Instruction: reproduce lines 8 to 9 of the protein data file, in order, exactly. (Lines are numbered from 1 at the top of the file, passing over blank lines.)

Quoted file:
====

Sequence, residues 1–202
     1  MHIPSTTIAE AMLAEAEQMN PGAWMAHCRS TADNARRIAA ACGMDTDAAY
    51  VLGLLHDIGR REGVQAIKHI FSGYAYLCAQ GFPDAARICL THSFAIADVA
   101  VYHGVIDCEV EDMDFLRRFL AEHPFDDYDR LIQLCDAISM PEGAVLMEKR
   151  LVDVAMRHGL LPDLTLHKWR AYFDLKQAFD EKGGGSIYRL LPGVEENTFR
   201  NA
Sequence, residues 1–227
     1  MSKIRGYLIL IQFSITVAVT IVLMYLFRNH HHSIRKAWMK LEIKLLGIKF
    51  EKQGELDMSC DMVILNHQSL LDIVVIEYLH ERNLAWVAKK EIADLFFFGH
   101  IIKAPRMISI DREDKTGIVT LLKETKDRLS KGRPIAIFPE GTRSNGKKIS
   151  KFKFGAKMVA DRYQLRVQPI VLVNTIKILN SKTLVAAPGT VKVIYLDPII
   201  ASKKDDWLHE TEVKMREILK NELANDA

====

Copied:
     1  MSKIRGYLIL IQFSITVAVT IVLMYLFRNH HHSIRKAWMK LEIKLLGIKF
    51  EKQGELDMSC DMVILNHQSL LDIVVIEYLH ERNLAWVAKK EIADLFFFGH